Survey Says: Workday Top Choice for New Human Resource Software Deployments

The tough economy has hit IT budgets hard, but there’s one area where many companies continue to invest, and it might surprise people. According to a new Towers Watson survey, 83% of respondents said they are maintaining or increasing spending on HR software in 2010.

That’s just one eye-opening result from Towers Watson’s recently completed survey of 456 companies, two-thirds of which have more than 5,000 employees. Although other areas of software often top the trendy list (think social networking), that survey finding and others show that the market for human resource management software is also quite dynamic.

Tom Keebler, global practice leader for HR technology at research firm Towers Watson, presented the survey during a June 23 webinar hosted by Workday and moderated by Bill Kutik, co-chair of HR Technology Conference and joined by Leighanne Levensaler, Workday’s vice president of HCM strategy.

 

Here are some more choice bits:

  • Workday may be a newcomer, but it’s already a leader. Among respondents implementing new HRMS systems, 15% said they’re implementing Workday. That means Workday is getting more business from those 456 respondents than any other vendor except SAP, which tied Workday with 15% of the market for new implementations. Workday’s performance is quite remarkable in comparison, considering it’s a small-yet-rapidly growing company, and just five years old, while SAP is as legacy as they come.
  • HR SaaS is growing in acceptance. Fifty-two percent of respondents are using, implementing, or planning to implement software as a service to support HR service delivery. “We know anecdotally and empirically that these numbers (in support of SaaS) continue to march up higher and higher every year,” Keebler said during the webinar. In addition, his firm sees more and more HR solution providers moving away from on-premise offerings to SaaS. Kutik, meanwhile, conducted a real-time poll of webinar attendees on SaaS acceptance. The results: 50% responded that their organizations are more accepting of SaaS than they were a year ago; 44% said acceptance was the same; and 6% were less accepting.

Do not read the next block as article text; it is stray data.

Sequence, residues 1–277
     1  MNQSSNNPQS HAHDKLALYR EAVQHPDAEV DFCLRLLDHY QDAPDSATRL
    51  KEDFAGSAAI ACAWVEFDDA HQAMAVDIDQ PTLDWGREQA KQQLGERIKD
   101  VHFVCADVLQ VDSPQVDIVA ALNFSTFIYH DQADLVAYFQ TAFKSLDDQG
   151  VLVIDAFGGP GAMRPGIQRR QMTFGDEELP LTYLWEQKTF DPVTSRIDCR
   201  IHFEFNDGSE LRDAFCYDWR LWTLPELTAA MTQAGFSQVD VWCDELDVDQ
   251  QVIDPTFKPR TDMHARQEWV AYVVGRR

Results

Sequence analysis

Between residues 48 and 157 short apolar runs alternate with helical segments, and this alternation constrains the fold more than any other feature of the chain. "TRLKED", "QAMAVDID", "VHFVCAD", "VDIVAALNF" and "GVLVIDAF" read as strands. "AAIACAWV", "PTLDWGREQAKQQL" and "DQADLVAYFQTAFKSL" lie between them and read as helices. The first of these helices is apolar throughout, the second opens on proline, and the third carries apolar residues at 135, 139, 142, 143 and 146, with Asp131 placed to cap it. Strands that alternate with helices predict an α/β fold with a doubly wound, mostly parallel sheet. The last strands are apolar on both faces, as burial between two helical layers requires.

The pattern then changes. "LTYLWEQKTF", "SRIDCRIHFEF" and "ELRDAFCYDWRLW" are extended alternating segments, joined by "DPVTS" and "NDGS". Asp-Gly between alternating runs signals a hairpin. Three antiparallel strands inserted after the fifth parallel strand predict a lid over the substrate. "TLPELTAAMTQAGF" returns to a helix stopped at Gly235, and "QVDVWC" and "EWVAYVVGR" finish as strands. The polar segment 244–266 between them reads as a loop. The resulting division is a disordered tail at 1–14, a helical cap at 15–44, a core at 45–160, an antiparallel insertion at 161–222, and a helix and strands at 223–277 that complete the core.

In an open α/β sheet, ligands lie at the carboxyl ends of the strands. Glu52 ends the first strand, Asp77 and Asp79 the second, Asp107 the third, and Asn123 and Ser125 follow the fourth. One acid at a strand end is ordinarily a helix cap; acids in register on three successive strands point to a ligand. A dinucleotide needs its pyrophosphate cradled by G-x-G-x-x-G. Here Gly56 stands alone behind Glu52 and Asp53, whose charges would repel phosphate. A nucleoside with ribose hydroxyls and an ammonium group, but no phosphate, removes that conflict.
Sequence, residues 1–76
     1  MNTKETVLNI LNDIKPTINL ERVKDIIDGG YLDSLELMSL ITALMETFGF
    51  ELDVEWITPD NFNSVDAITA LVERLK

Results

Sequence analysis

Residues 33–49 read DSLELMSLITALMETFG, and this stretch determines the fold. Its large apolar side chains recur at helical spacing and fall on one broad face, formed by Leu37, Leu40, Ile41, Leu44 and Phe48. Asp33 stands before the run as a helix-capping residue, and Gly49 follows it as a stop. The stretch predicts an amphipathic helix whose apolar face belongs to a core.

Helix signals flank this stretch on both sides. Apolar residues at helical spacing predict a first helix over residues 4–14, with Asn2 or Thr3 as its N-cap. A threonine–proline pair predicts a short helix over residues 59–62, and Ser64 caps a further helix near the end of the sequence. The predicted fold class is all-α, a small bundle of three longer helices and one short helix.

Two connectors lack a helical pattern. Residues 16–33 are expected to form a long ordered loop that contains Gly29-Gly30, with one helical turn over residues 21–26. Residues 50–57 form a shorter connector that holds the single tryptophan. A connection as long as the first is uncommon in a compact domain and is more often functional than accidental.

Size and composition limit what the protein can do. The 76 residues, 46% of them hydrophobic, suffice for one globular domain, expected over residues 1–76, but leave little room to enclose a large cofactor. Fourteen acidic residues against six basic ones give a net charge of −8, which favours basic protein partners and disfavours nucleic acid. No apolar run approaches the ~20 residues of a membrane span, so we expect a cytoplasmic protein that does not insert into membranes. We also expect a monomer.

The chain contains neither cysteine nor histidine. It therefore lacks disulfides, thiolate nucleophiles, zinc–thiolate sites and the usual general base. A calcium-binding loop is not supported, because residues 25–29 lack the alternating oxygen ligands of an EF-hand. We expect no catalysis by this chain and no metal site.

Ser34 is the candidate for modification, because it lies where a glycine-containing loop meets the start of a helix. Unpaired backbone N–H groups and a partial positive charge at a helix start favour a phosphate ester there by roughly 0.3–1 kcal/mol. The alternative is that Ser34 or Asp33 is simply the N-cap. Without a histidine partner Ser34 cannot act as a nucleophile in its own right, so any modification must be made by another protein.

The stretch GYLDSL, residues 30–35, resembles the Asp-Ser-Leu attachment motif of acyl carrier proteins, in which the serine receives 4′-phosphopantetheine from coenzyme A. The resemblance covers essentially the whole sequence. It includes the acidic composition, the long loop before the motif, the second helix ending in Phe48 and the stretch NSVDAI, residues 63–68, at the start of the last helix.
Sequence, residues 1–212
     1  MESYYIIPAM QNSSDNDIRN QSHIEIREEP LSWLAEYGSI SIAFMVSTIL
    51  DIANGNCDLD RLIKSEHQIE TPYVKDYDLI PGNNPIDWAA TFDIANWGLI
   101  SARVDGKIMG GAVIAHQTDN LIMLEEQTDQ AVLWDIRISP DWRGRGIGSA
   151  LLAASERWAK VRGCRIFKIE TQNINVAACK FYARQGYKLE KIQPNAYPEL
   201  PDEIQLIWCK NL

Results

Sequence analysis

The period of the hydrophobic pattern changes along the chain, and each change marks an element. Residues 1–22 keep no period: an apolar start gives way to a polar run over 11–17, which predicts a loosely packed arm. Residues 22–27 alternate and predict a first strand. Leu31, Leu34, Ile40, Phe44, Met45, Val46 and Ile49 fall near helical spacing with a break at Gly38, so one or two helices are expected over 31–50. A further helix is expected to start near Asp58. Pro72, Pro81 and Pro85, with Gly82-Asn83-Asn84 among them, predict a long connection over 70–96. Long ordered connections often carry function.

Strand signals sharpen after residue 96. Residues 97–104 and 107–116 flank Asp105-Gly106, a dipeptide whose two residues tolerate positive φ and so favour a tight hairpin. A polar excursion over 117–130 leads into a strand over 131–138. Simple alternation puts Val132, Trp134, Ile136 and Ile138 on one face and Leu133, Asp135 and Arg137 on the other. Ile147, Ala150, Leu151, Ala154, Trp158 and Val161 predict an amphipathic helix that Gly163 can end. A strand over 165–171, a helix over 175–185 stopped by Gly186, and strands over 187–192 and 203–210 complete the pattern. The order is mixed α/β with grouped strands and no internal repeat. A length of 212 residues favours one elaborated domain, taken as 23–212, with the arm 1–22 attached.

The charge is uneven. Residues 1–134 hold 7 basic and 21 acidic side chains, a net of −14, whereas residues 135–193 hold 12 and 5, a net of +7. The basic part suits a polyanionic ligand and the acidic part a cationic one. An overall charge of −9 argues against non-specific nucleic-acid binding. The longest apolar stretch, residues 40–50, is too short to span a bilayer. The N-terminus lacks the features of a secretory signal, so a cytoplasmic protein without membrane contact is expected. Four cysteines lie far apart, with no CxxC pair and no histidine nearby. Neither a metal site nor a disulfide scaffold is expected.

• SaaS is often associated with lower costs, but it wasn’t the top-ranked benefit of SaaS. Among primary benefits of SaaS (respondents could choose up to three), 47% chose quick implementation, followed by better functionality (44%) and easier ongoing management (42%). Lower ongoing costs came in fourth place, chosen by 41% of respondents. But don’t mistake this as meaning companies aren’t seeing cost benefits from SaaS, said webinar panelist Leighanne Levensaler, VP of HCM product strategy at Workday. Workday customers, for example, are reporting cost savings of between 30 and 50 percent compared with on-premise HR software, Levensaler said. Benefits like better functionality and easier management are top of mind and get more votes because they are the things that really improve the quality of an employee’s work experience every day. In fact, benefits like these are emerging as the recognized long-term value of SaaS . Because Workday is updated three times a year, customers gain instant access to new capabilities—Levensaler pointed out that customers got real time benefit when Workday HCM added support for the Restore Employment (HIRE) Act that passed in March as well as wellness credits passed as part of the Obamacare legislation. Without SaaS, companies would have to do the software updates themselves to support those legislative changes. “The key thing for our customers is transformation and value,” Levensaler said. Customer H.B. Fuller, for example, appreciated the ability to “turn on” new talent-management features in the latest update of Workday HCM, all included in their existing SaaS subscription. “Constant innovation and value is delivered at the same cost,” Levensaler said.

So there you have it: investment on HR technology is strong, more and more of it is on SaaS-based HR software solutions, and there’s far more to SaaS than lower costs. You can view Tom’s presentation for more of the data, above. Thanks to Tom Keebler and the team at Towers Watson for providing some very interesting insights.